The International Organisation for Migration (IOM) has started rolling out support programmes to mitigate the effects of Covid-19 pandemic on informal cross-border traders in the Sadc region.
In a statement, the organisation’s Zambian office said the support initiative will include holding a series of visits, training sessions and goods distribution activities at key border posts.
Most of the ports of entry, IOM said, were part of supporting informal cross-border traders in Southern Africa to do business safely during the Covid-19 project.
“Informal cross-border trade which accounts for up to 40 percent of total intra-SADC trade, with an estimated value of US$17,6 billion has been adversely affected by the pandemic because of border closures and travel restrictions throughout the region,” said IOM.
“These measures have had a negative impact on the livelihoods of informal cross border traders as they are unable to conduct their trade normally.”
The project to support informal cross-border traders is managed by IOM Zambia and being implemented in conjunction with IOM missions in Malawi, South Africa, and Zimbabwe.
Some funding has been secured from the Foreign, Commonwealth and Development Office (FCDO) of the United Kingdom.
“The initiative aims to contribute towards the enhanced protection of the health and economic rights of informal cross border traders through the facilitation of continued trade during the pandemic,” said IOM.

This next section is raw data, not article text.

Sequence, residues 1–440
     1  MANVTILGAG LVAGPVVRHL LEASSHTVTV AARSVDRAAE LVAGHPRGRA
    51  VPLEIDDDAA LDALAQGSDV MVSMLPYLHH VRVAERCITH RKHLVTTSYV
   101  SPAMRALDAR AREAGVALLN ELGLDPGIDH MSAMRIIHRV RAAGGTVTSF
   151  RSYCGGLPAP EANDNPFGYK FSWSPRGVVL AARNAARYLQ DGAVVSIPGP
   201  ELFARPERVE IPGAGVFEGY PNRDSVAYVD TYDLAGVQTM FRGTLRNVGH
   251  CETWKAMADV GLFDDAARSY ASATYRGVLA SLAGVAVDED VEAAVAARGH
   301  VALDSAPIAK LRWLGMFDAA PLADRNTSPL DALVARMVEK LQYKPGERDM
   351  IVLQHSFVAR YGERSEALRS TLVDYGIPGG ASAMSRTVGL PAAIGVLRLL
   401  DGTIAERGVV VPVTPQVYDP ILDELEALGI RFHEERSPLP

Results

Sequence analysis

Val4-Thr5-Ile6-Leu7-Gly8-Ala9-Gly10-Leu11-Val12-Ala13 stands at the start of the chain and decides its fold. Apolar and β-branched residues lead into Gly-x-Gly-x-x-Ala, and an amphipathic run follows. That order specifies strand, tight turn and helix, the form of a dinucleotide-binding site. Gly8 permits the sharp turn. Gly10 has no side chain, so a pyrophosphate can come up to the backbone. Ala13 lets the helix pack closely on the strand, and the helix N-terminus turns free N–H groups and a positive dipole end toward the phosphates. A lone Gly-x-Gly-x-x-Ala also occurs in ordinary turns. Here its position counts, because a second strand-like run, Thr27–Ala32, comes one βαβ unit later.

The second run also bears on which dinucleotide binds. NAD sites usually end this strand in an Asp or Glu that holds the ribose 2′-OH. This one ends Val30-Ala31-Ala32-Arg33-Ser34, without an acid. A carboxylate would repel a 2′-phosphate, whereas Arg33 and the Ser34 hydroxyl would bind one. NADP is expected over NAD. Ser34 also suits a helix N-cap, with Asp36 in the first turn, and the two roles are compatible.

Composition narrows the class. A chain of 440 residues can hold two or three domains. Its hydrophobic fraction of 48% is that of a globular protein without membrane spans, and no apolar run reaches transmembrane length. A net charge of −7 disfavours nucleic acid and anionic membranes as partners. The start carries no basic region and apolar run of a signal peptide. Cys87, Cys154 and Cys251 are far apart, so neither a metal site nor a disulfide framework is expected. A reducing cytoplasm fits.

Field visits will provide stakeholders with a background on the project and provide refresher training on Covid-19 infection prevention and control and training sessions on trade facilitation, which will be followed by a registration exercise for informal cross border traders in Chirundu and Beitbridge.
IOM said the points of entry and border markets will be equipped with hand-washing facilities.
In addition, a waste management system will be implemented for safe disposal of used infection prevention and control materials.
Border staff will be provided with personal protective equipment and thermometers while cross-border traders will be provided with Covid-19 kits including sanitisers, masks and gloves.
Some of the officials to partake the training sessions will be drawn from the ministries of Industry and Commerce, Women Affairs, Community and SMEs Development, district development, and medical officials.
Others will come from the Department of Immigration, Zimbabwe Revenue Authority (Zimra) and representatives of cross-border trader organisations as well as officials from IOM and the funding partner FCDO.
IOM Zimbabwe’s chief of mission Mr Mario Lito Malanca said reducing the constraints and challenges faced by informal cross border traders operating during the pandemic, was critical.
“With projections indicating that Covid-19 could be with us for a while longer, it is critical to equip those engaging in informal cross border trade with the tools to operate efficiently in the midst of it”, he said.